D'Armi coached the Blue Devils' baseball program for seven seasons and also served as the director of athletic facilities and game management for all of the school's sports - totaling 28 years of service to the university when he retired in 2004.
As a coach, D'Armi guided Duke baseball to 125 wins and five consecutive winning seasons during his seven-year tenure from 1978-84. He coached eight All-ACC selections and seven Major League Baseball draft picks during that time.
"He was my second dad, it's as simple as that," said Bob Brower, one of D'Armi's top players who went on to a Major League career with the Texas Rangers and New York Yankees in the late 1980s. "For me he was Duke, someone you could lean on in good times and bad. He taught us so many things, in his way, about being a man, about being responsible, about being accountable. He had that tough persona, but behind that was a kind man, a teddy bear who just gave and gave and never asked for much in return."
"He was certainly a good man and a great coach," recalled David Amaro, a senior on D'Armi's final team of 1984. "He was the reason I came to Duke to play baseball in 1980, and I had a great four years with him. He was funny, inspirational and he taught us that camaraderie was the most important factor in achieving success as a team. He will certainly be missed but not forgotten."
"I have such great memories of him," added two-time All-ACC catcher Tom Decker. "What I remember most was that he truly cared about his players both on and off the field. He was such a great competitor and mentor. He will be truly missed."
Mark Militello, an All-ACC baseball and football player who still owns one of the top career batting averages in Duke history, pointed to the 1981 season as perhaps D'Armi's greatest coaching job. He was named ACC coach of the year that season after leading Duke to a 29-10 record and a deep run in the ACC Tournament."Coach D'Armi was revered by his players as a person and as a coach. He would have his players' backs at all times, in good times and bad," Militello said. "He made us believe that we could beat the likes of Carolina and Clemson with only a limited number of scholarship players compared to their full NCAA allotment.
"Coach D'Armi fought tooth-and-nail with the likes of Carolina's Coach (Mike) Roberts and Clemson's Coach (Bill) Wilhelm, and that fighting spirit carried over to his players."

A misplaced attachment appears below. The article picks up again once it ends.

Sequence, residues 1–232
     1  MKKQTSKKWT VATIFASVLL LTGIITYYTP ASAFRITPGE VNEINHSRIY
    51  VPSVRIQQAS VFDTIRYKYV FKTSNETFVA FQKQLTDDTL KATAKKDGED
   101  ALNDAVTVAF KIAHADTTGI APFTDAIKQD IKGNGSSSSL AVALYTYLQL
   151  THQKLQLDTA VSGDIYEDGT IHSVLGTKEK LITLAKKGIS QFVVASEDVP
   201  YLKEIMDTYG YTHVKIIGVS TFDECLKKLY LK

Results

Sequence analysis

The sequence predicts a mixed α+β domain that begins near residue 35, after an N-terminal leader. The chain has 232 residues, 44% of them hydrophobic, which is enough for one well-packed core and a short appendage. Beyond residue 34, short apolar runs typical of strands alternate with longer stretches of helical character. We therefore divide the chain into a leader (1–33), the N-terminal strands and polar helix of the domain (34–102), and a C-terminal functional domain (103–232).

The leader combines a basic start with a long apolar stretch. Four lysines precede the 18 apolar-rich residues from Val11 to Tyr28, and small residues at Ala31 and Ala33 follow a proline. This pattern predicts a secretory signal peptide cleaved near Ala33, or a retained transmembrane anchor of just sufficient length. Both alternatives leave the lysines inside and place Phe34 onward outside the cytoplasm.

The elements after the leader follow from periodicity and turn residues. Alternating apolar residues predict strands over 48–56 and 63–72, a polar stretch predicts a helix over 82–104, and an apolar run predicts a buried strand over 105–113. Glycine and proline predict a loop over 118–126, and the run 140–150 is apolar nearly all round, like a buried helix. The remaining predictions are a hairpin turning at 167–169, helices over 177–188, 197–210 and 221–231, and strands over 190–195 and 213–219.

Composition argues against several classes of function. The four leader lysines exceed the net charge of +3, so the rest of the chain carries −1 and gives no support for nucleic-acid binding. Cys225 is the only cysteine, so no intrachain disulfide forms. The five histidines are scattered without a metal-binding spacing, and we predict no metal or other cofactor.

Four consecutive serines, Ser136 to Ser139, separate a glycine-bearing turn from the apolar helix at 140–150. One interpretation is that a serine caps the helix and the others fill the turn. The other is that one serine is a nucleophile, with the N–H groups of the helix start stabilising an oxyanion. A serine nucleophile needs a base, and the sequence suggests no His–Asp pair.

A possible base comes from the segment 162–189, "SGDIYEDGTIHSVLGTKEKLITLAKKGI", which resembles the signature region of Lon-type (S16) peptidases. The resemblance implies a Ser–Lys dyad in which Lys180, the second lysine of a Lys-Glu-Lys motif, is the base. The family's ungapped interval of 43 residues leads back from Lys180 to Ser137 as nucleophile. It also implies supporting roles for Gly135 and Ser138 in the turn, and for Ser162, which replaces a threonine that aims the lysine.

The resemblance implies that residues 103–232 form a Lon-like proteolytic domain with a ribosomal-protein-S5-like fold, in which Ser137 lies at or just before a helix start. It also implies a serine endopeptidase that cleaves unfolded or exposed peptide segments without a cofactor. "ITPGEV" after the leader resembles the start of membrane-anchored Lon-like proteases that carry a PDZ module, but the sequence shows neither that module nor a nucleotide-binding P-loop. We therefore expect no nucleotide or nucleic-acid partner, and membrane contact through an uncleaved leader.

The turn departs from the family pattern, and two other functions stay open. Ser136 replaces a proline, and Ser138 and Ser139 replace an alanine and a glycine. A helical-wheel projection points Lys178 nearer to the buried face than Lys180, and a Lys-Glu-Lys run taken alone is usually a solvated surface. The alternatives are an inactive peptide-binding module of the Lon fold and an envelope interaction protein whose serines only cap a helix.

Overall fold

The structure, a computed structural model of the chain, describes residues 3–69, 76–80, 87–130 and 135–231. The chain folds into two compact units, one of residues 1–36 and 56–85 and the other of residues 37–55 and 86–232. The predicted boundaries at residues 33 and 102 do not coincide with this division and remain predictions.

Militello noted that when he ran into South Carolina head coach Ray Tanner at a tournament last summer, their conversation quickly turned to 25 years ago when Tanner was an assistant at N.C. State during D'Armi's Duke era. "I spoke to him for about 30 minutes, and seemingly every minute was spent sharing Coach D'Armi stories," Militello said.
Born April 21, 1935 in Federalsburg, Md., D'Armi was an All-America soccer player at East Stroudsburg State and graduated in 1960. He earned his master's degree at North Carolina in 1961, then became the head baseball coach at West Georgia College in 1962. In four seasons, 1962-65, he posted a record of 59-13, directed the team to three conference (GIAC) championhips and was named league coach of the year three times. In 1990 he was inducted into the West Georgia Sports Hall of Fame.
D'Armi served as the assistant baseball coach at Mississippi State from 1966-73, during a time when the school won three SEC titles and played in the 1971 College World Series.
Before coming to Duke, D'Armi also trained heavyweight boxing champion Floyd Patterson, traveled to Italy as the general manager and field boss for the Milan franchise in a European professional baseball league, and authored the book "Daddy, Will You Play Catch With Me?"
D'Armi arrived at Duke in the fall of 1976 as the assistant coach to Enos Slaughter. He was named the program's head coach following the 1977 season and remained at the helm through May of 1984, posting a record of 125-98-2.
Along with producing five straight winning ledgers, D'Armi's victory totals of 29 in 1981 and 25 in 1984 were at that time the best marks in school history behind only the 31 wins achieved by the 1952 College World Series team.
D'Armi also handled groundskeeping duties at Duke's Jack Coombs Field, grooming the field on his tractor early in the morning before every home game and lining the field himself. He eventually took over management of all of Duke's athletic facilities, including Cameron Indoor Stadium and Wallace Wade Stadium.
"One memorable moment came when President Reagan spoke at Cameron," Militello recalled. "Coach D'Armi refused to give a key to Cameron to the Secret Service. He said something like, 'I go where the key goes. No exceptions.' Coach D'Armi defeated the Secret Service."
"He was a face for Duke, just a very special person," added Brower. "You could walk into his office and you might see Enos Slaughter or Tommy John or Sandy Koufax. You might see Mike Krzyzewski and Jim Valvano hanging out as paisans. He knew a lot of people and he did a lot of networking for Duke in his own special way."
Militello and fellow former Blue Devil players Bud Copeland and Dave Coughenour helped launch a Duke scholarship in D'Armi's name. D'Armi's family has asked that in lieu of flowers, contributions be made to the Tom D'Armi Scholarship Fund, c/o Mary Dinkins, Duke Athletics, Box 90542, Durham, NC 27708.
D'Armi was predeceased by his wife Jane D'Armi and is survived by his son Mickey D'Armi.
A celebration of his life is being planned for August.